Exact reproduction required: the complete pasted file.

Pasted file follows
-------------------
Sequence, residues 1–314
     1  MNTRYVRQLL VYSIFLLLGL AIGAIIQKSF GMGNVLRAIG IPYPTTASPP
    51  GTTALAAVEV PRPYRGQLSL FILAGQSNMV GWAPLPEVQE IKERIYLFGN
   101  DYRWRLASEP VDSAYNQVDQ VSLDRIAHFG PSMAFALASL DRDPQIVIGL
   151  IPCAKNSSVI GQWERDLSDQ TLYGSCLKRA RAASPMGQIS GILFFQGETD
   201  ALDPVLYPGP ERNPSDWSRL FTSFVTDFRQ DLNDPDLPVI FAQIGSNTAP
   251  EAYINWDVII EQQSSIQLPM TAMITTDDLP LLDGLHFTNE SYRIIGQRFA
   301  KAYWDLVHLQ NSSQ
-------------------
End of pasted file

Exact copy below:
Sequence, residues 1–314
     1  MNTRYVRQLL VYSIFLLLGL AIGAIIQKSF GMGNVLRAIG IPYPTTASPP
    51  GTTALAAVEV PRPYRGQLSL FILAGQSNMV GWAPLPEVQE IKERIYLFGN
   101  DYRWRLASEP VDSAYNQVDQ VSLDRIAHFG PSMAFALASL DRDPQIVIGL
   151  IPCAKNSSVI GQWERDLSDQ TLYGSCLKRA RAASPMGQIS GILFFQGETD
   201  ALDPVLYPGP ERNPSDWSRL FTSFVTDFRQ DLNDPDLPVI FAQIGSNTAP
   251  EAYINWDVII EQQSSIQLPM TAMITTDDLP LLDGLHFTNE SYRIIGQRFA
   301  KAYWDLVHLQ NSSQ